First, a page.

Scott Timburg and Kathleen Sharp wonder if music-streaming services like Spotify are "killing music." "Never in the history of rock and roll has it been as tough for a musician to make a living as it is today," they say, and when you see the royalty rates Spotify pays, you might be convinced as well -- if haven't already noticed that music streaming has now made it possible to "own" entire albums without really owning them.
If some right-winger is in your ear saying WHY DOEZNT TEH LIBRULZ JUST BOYCOTTZ TEH EVERYTHINGZ HA HA FREE MARKETZ!!!!!, the Consumerist comes to the rescue with "5 Reasons Why People Still Buy Stuff From Companies They Hate." Cheapness figures in, especially with real middle-class incomes going nowhere fast, and convenience figures in, which the rural and urban poor know more acutely than I, but the main problems seem to be a) monopolies every-damn-where and b) no one seems to have gotten the bright idea lately that superior customer service might actually make them rich enough.
The Electronic Frontier Foundation makes the case for community broadband, especially in a world where a handful of internet service providers control everything and have no incentive to do anything better. Sadly, community broadband -- which I feel compelled to remind right-wingers constantly going on about big government would be locally-controlled and belong to the citizenry -- faces a lot of obstacles, like the laws banning it in 20 states. If the big corporations are so afraid of community broadband, they could try, you know, doing better at what they're supposedly good at.
Mike Konczal explains why the Cato Institute's case for a "basic income guarantee" replacing current welfare programs is, to say the least, problematic. Mr. Konczal cites plenty of problems -- welfare programs aren't as inefficient as Cato says, and counting Medicaid and Social Security as "welfare" isn't particularly accurate, since they help specific populations. But the math isn't on Cato's side, either -- if, indeed, the federal government spends $660 billion on welfare programs, dividing that by 300 million Americans only nets us $2,200 each, which may pay for a month or two of rent and then again may not. That's not much of a "guarantee."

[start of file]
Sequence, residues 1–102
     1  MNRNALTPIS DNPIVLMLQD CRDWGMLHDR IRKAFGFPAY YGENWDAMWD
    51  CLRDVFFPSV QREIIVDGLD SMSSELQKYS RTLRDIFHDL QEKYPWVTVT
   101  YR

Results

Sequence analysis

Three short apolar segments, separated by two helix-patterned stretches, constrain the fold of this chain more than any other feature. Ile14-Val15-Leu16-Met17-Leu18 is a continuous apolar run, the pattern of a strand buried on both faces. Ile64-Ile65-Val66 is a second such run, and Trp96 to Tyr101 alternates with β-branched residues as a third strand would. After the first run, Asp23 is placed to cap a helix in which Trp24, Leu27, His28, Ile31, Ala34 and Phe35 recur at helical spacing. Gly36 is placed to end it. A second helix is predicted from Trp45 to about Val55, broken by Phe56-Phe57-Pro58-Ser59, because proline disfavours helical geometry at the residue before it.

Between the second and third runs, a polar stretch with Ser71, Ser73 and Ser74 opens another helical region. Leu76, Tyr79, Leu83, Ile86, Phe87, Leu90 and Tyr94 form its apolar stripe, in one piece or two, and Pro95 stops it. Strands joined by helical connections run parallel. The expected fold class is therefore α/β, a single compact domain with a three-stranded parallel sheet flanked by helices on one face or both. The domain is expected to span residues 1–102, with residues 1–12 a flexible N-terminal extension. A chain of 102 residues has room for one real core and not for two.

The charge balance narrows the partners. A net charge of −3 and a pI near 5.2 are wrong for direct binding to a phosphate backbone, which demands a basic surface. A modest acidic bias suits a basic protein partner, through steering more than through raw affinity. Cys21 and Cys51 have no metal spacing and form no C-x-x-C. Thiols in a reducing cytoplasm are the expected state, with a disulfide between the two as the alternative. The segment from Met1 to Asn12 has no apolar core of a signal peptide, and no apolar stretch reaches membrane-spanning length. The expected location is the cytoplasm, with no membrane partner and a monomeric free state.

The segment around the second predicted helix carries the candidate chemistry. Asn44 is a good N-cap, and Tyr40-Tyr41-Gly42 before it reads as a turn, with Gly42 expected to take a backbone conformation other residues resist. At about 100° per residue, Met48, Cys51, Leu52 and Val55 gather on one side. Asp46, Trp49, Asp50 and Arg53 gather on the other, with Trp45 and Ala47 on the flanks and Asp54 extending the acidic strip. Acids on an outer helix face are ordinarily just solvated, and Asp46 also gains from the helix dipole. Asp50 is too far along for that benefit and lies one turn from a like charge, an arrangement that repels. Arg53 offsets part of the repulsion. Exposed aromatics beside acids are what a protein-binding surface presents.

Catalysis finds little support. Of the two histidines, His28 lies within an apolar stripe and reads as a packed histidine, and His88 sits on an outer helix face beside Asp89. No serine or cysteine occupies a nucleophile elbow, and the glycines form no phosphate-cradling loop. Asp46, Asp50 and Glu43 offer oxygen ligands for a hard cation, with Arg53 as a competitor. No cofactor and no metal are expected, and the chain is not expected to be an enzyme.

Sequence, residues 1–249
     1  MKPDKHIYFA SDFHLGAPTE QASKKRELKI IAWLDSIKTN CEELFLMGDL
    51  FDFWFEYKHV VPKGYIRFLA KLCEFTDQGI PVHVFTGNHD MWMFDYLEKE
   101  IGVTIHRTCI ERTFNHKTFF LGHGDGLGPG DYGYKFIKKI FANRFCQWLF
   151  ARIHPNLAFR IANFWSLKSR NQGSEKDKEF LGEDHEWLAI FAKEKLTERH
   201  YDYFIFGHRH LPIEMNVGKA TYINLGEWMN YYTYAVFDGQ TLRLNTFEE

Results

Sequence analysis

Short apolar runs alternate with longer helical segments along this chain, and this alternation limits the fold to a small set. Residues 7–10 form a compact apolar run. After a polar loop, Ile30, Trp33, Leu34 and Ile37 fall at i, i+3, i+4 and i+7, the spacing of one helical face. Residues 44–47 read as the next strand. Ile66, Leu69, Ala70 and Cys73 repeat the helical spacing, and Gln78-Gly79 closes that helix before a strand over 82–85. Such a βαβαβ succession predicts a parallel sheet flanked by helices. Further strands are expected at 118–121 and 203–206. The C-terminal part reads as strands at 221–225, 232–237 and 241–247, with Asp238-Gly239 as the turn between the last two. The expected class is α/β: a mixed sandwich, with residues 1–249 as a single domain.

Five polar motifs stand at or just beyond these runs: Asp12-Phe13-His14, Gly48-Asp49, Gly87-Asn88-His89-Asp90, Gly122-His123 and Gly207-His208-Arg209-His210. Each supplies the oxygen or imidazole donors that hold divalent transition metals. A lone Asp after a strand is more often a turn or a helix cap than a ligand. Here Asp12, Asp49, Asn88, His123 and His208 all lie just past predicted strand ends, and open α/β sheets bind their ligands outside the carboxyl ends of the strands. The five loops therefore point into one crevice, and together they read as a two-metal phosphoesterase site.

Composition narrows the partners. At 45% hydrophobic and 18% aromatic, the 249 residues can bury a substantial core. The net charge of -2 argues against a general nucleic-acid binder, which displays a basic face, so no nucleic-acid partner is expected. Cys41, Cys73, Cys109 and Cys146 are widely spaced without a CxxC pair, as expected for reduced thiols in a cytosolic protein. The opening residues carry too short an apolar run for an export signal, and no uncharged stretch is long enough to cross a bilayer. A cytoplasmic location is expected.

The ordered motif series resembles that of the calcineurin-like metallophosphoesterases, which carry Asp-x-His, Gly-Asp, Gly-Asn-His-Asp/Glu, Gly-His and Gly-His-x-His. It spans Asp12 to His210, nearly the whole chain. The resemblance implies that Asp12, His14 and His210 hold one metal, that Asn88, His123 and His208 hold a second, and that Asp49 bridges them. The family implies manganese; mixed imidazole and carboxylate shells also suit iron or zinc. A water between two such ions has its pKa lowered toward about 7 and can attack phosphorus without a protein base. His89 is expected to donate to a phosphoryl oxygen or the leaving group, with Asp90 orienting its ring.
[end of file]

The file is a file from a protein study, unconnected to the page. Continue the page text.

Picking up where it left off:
It had to happen sooner or later: folks are beginning to call for the return of earmarks, noting that compromise and progress were a whole heck of a lot easier when some horse-trading could go on. I agree that it was easier back in the day, but not necessarily that it was better, and while today's legislative constipation certainly hurts our efforts at making America better, at least the Republicans have made their reactionary philosophies about as manifest as they can be made without actually trying to return to the era of one-white-male-landowner-one-vote. All we have to do is get the "liberal" media to notice.
Finally, Yale University researchers have found a drug compound that appears to reverse the effects of Alzheimer's disease in mice. Which isn't the same as reversing those effects in people, but it's still a ray of hope. In the meantime, you might be better off eating one serving of baked or broiled (but not fried!) fish weekly. (And no, tuna out of a can doesn't count, or I'd be doing that as we speak.)